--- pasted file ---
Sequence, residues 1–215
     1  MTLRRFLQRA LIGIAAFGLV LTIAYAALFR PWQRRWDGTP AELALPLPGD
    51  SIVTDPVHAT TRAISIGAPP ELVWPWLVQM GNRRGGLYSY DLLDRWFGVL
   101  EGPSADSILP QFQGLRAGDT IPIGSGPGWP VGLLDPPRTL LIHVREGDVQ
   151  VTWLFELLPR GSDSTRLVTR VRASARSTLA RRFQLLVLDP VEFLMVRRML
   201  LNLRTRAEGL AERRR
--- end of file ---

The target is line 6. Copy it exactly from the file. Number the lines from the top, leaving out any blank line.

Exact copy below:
   201  LNLRTRAEGL AERRR